Mereo BioPharma’s phase two study of setrusubab misses primary goal

Mereo BioPharma Group’s Phase 2b dose-ranging “Asteroid” clinical study of setrusumab (BPS-804), an anti-sclerostin antibody,  in adults with Type I, III or IV osteogenesis imperfecta (OI), a rare bone disease with no approved treatments, failed to meet the primary endpoint and any of the three setrusumab dose levels.

As the company explained in a Monday press release, the primary endpoint of the Asteroid study was change in Trabecular Volumetric Bone Mineral Density (Tr vBMD) of the radius (wrist) over baseline after 12 months of treatment as measured by High Resolution peripheral Quantitative Computed Tomography (HR-pQCT). As a result of the unexpected high heterogeneity of the study patients’ trabecular bone baseline values at the wrist, and the primary endpoint was not met at any of the three setrusumab dose levels.

Mereo said HR-pQCT is a relatively new imaging technique that has not been used widely in clinical studies and was chosen in order to improve the understanding of the effect of setrusumab on the bone biology in OI patients, given it can measure both trabecular and cortical vBMD separately. It said that an increase in total vBMD at the wrist as measured by HR-pQCT (measuring cortical and trabecular together), a secondary endpoint of the study, was observed and reached statistical significance in the medium and high dose cohorts. Mean increases in total vBMD were 4.11% (p=0.004), 4.5% (p=0.028), and 0.58% (p=0.97) in the high, medium, and low dose cohorts, respectively. This suggests total vBMD increases were driven by the ability of setrusumab to increase cortical vBMD.

The study achieved its important secondary endpoint

The study achieved its important secondary endpoint of increase in areal Bone Mineral Density (BMD) at the lumbar spine at 6 and 12 months over baseline using two-dimensional dual-energy X-ray absorptiometry (DXA), a well-established measurement tool of BMD (cortical + trabecular bone), reaching statistical significance in the high and medium doses cohorts at both 6 and 12 months with a clear dose-dependent response, the company said.

Mean increases in areal BMD at the lumbar spine were 8.8% (p<0.001), 6.8 % (p<0.001), and 2.6% (p=0.057) in the high, medium, and low dose cohorts at 12 months, respectively. Moreover, increases in areal BMD were consistent across all OI subtypes (I, III or IV) represented in the study and improved with duration of treatment. Statistically significant changes in areal BMD were also observed by DXA at the femoral neck and total hip with mean increases of 3.1% (p=0.022) and 2.2% (P=0.011), respectively, at 12 months in the high dose cohort, Mereo said.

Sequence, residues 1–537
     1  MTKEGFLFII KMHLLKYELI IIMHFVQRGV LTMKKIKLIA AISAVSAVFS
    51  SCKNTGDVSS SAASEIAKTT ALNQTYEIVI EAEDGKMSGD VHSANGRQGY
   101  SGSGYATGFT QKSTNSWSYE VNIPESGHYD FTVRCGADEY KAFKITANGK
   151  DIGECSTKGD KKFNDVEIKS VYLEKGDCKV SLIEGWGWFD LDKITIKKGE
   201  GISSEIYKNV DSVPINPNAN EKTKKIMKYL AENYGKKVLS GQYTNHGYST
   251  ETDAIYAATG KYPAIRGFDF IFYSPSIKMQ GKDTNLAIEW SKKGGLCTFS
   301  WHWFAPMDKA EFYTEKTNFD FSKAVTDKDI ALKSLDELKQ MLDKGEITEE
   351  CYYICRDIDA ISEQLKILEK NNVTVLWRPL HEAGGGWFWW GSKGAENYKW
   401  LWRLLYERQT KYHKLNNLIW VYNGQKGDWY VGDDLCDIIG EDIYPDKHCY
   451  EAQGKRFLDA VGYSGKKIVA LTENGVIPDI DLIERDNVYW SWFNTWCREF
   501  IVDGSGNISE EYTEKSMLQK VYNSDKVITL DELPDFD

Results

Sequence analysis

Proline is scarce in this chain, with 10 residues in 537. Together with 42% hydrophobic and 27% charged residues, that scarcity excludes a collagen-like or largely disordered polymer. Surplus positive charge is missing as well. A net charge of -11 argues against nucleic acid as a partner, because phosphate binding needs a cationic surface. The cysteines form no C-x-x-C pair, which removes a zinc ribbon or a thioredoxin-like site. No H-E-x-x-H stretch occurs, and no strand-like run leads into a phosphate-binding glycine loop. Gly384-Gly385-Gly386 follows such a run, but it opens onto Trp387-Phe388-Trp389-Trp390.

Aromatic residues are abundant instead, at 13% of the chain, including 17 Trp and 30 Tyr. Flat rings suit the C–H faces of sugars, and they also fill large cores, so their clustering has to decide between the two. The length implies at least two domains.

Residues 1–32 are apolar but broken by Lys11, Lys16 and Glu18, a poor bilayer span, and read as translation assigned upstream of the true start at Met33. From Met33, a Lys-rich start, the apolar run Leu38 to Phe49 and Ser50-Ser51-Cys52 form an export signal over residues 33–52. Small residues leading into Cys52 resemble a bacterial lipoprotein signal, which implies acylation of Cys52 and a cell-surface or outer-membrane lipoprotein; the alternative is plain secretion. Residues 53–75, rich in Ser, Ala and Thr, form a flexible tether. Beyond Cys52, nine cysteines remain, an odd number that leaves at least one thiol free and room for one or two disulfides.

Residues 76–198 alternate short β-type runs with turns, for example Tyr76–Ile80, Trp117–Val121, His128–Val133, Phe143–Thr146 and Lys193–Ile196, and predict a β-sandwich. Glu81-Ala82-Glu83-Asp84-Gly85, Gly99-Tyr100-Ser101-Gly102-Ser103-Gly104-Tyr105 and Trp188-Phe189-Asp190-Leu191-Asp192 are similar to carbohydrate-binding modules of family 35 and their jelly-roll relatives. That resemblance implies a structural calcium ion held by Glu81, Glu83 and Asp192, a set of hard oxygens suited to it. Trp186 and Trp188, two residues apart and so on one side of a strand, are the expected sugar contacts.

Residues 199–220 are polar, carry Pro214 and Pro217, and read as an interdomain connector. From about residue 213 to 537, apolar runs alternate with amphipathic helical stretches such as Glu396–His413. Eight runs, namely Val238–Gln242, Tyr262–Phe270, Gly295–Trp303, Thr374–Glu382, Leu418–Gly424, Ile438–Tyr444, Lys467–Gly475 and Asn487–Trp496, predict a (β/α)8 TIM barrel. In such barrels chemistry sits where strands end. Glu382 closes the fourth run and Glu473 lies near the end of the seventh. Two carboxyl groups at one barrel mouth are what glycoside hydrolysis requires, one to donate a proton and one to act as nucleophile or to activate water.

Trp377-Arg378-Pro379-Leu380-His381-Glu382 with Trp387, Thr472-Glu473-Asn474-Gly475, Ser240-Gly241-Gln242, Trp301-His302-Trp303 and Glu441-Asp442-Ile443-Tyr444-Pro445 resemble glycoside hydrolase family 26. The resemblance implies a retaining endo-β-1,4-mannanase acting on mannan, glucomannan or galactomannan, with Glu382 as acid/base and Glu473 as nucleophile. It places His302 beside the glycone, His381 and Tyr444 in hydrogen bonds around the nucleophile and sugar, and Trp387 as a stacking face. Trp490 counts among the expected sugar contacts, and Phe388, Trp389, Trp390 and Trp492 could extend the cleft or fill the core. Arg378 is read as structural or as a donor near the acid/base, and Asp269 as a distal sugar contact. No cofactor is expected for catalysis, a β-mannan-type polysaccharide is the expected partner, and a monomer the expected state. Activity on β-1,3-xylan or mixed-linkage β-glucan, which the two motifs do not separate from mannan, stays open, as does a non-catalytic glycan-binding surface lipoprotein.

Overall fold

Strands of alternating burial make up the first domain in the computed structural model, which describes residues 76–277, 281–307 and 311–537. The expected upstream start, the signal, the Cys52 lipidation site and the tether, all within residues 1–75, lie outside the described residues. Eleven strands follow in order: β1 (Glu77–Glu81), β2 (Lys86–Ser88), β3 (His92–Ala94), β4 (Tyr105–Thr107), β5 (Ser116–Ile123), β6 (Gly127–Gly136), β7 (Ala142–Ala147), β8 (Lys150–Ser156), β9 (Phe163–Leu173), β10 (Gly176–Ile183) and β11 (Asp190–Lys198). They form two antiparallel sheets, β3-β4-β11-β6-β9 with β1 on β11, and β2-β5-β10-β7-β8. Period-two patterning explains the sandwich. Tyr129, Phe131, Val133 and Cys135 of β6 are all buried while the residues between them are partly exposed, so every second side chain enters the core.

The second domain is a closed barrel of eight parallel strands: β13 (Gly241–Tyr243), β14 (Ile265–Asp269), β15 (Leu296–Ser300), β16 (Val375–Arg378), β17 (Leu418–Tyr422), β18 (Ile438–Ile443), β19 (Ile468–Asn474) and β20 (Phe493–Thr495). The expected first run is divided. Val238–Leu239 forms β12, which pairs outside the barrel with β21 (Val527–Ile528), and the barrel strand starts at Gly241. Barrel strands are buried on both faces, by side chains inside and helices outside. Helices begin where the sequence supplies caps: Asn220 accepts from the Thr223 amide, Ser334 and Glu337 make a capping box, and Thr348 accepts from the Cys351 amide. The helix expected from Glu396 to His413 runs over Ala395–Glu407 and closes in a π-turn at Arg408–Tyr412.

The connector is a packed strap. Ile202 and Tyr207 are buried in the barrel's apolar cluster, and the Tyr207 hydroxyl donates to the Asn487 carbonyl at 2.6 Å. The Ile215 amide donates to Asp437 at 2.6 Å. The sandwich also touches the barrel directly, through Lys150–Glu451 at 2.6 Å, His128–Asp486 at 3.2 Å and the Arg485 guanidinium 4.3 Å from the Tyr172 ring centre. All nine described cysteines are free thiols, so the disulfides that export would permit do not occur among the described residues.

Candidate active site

Although the ASTEROID study was not powered to show a difference in fracture rates, a trend of reduction in fractures was observed in the high dose cohort. Setrusumab was safe and well-tolerated in the study. There were no cardiac-related safety concerns observed in the study, the company said in the press release.

Dr. Denise Scots-Knight, Chief Executive Officer of Mereo, said: “The DXA data clearly differentiate setrusumab from other therapeutic agents in OI types I, III and IV, such as teriparatide, where a 4.7% increase was observed at the lumbar spine at 12 months and where the effect was significantly lower in types III & IV versus type I OI patients. Further, the DXA data also show a consistent improvement at 12 months in areal BMD at the lumbar spine compared to the open-label data set from the study that we first reported in May 2019 where a 3.5% change from baseline was observed seen at 6 months in the highest dose cohort.”

Dr. Scots-Knight said that the trend of decrease in fractures observed in the high dose cohort is also particularly encouraging. Dr Scots-Knight said that, based on the data, Mereo will be moving forward with the preparations for its pivotal pediatric study in children with OI as originally planned, which will be based on a primary endpoint of fracture rate over a 12-month period.“We believe setrusumab has the potential to become the first approved pharmacologic treatment for the OI patient community and would like to thank the investigators and patients for participating in the ASTEROID study, the largest ever completed interventional trial in adult OI,” Dr. Scots-Knight said.

Dr. Alastair MacKinnon, Chief Medical Officer of Mereo, said: “The technique of HR-pQCT is a relatively new and cutting-edge technology in bone research. We believe the HR-pQCT data from the ASTEROID study indicate a significant improvement in total vBMD that is driven by cortical changes, which differentiates setrusumab from existing bone-building agents. It is important to emphasize that it is not possible to build bone that does not already exist, which may be the case with some patients’ trabecular bone at the wrist in this study given the variable HR-pQCT measurements of Tr vBMD. The total vBMD data together with the statistically significant and dose dependent improvement in areal BMD as measured by DXA, a well-established bone measurement technique, support the further development of setrusumab in pediatric patients, where the unmet medical need is most apparent.”

Jay R. Shapiro, Former Director of the Bone and Osteogenesis Imperfecta Department at the Kennedy Krieger Institute said that the results from the Asteroid study underscore the ability of setrusumab to function as a strong bone-building agent and potentially serve as a new therapeutic option for patients living with OI. Shapiro said that the fracture rate reduction seen in the highest dose cohort with setrusumab is particularly encouraging and bodes well for future development in pediatric OI patients.

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